In this lesson, I demonstrate 17 ways to practice the tune Jenny Lynn. This will make your sessions fun and productive. You’ll learn the tune at a deep level as you improve various aspects of your technique.
Before we get started, here are lessons I’ve made on this:
Once you can play the basic version, you’ll be ready to learn these variations, which will only deepen your
- Alternate between the scale and the tune
- Add variation to the scale.
- Looping smaller and larger sections
- Learn more 👉 Practice Loops.
- Slowly build up a tune, note by note, phrase by phrase.
- Play the first note, then the first two, then the first three.
- Do this until you have you can play a larger piece.
- Then do the same process for the next piece.
- Then put pieces together.
- If you already have learned to tune, you may want to start by changing phrases instead of notes.
- In addition to moving in a forward direction, you can start at the end of the tune. This is called backwards chaining.
- Learn more 👉 Backwards Chaining.
- Pluck it in violin position
- Plucking helps you to focus on the left hand.
- Here’s a trick for rolling the bow into your hand so you can pluck (without setting down the bow) 👉 Going From Bowing to Plucking.
- Close your eyes while playing
- In this way you focus more on the sound and feel of the music.
- Only do this once you’ve learned the tune well
- Work on consistent timing
- Use an external beat: a metronome, play along track or drum machine.
- Find a comfortable tempo and try to continuously play it with a beat.
- This is a great thing to practice every time you play.
- Learn more 👉 Practice journeys: Timing Workshop.
- Work on speed
- Once you can play at a consistent tempo, work on slowly speeding it up.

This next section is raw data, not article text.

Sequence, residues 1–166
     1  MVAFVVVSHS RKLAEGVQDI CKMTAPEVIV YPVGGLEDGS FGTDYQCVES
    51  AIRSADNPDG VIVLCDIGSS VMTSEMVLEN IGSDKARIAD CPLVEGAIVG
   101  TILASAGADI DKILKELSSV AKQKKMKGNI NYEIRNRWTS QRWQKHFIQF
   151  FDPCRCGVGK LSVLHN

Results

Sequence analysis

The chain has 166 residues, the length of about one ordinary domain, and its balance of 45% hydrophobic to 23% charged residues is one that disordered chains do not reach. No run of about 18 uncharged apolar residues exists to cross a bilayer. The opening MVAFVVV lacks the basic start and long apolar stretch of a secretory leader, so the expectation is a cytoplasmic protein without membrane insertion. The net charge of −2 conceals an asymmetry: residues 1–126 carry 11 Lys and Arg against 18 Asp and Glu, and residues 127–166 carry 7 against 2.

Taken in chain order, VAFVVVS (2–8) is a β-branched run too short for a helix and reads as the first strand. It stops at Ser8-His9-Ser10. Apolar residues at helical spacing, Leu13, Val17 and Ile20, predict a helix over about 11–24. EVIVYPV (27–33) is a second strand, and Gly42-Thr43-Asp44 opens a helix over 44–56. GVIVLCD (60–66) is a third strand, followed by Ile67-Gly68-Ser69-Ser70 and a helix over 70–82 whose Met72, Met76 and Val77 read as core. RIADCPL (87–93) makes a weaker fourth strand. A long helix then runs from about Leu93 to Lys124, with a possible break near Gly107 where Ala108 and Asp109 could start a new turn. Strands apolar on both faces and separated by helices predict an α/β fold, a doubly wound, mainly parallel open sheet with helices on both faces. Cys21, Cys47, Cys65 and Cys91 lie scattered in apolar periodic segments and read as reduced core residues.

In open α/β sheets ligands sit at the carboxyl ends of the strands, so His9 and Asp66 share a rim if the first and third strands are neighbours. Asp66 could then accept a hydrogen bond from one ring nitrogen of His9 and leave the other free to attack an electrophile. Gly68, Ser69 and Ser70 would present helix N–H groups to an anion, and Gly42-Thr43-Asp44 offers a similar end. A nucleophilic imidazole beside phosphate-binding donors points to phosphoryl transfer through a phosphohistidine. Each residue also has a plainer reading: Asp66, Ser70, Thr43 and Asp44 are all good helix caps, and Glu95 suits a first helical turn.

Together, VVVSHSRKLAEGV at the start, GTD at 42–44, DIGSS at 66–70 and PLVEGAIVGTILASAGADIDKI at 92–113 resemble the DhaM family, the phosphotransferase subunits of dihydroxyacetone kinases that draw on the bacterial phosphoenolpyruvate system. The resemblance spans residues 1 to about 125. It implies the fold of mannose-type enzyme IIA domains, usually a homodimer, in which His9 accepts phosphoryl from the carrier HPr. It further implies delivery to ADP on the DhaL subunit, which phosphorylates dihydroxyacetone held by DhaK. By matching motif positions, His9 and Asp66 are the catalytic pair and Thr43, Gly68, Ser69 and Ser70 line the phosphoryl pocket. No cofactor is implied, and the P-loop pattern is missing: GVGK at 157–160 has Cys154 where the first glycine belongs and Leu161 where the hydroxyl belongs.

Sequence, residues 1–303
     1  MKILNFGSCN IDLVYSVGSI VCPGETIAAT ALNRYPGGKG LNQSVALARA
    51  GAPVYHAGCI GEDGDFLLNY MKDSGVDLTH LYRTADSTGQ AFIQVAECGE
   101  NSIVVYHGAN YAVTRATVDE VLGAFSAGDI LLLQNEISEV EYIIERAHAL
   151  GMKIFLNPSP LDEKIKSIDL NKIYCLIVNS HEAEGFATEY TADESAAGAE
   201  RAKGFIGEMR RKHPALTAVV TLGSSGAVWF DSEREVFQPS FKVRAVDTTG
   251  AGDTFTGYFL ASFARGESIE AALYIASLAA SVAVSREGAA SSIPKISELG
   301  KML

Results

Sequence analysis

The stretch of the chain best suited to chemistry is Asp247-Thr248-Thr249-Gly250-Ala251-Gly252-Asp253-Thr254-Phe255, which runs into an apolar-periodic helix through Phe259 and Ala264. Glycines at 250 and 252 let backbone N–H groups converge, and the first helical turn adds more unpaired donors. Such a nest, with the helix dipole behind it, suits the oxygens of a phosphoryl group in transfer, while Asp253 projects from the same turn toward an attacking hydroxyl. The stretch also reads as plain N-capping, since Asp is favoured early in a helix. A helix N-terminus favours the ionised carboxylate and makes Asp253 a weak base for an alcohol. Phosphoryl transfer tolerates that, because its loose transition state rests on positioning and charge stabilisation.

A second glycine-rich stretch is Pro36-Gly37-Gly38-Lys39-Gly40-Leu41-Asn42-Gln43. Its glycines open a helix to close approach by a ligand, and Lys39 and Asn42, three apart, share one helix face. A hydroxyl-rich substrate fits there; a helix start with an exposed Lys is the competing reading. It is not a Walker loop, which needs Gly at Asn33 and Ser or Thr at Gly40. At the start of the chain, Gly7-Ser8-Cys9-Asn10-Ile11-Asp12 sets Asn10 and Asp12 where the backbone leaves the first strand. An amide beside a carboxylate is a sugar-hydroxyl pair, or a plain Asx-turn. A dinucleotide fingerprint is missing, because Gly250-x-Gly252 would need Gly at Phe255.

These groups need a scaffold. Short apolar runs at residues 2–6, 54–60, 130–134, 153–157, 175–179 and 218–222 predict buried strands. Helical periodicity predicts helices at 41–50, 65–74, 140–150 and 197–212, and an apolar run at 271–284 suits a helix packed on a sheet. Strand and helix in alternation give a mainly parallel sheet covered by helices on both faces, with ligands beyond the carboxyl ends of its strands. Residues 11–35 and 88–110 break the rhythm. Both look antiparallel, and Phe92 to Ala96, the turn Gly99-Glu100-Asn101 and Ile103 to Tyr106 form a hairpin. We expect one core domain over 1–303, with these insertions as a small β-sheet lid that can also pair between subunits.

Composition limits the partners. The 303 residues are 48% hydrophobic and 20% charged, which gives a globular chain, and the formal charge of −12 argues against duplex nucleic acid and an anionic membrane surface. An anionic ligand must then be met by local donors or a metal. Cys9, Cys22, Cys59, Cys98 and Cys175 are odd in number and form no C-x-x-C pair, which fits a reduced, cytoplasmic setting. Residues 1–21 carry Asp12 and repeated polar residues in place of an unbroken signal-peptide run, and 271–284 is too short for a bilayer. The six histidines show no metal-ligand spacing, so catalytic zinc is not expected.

- Find your slowest and fastest tempo.
- You slowest tempo.
- Play quietly with small light bows (whisper).
- Play loud.
- Quiet to loud (crescendo).
- Loud to quiet (decrescendo).
- Transpose down a fifth, from A to D Major
- Same fingering, start G1-D0-2-1-0-1-2-0.
- Use a D drone.
- Learn more 👉 Joy To The World of Transposition!
- Transpose down a whole step, from A to G Major
- This is harder, because you’ll use completely different fingering.
- G Major scale: G0-1-2-3-D0-1-2-3 | D3-A0-1-L2-3-E0-1-L2.
- Here’s how it will begin: D0-3-A1-0-D3-A0-1-D3-A0-1-D3-1.
- See if you can figure out the rest! You’ll need to deeply learn the original tune. But that’ll be fun!
- Learn more 👉 Tunes Transposed to G Major.
- Droning double stops
- Play the open A string when playing E string notes.
- When do you use double stops in a tune?
- Alternate between singing and fiddling a phrase
- Strum and sing the melody
- The easiest way to do it for this song is to just play and A chord throughout the entire tune.
- Here’s how you play an A chord: G1D1A0E0
- Learn more 👉 Chord Backup Central
- Add slur two-separate two to groups of 4 eighth notes.
- Learn more 👉 Slur Two-Separate Two Tune Exercises
- Practice note-reading
- Play the first without reading (learn it with tabs). Learn it well.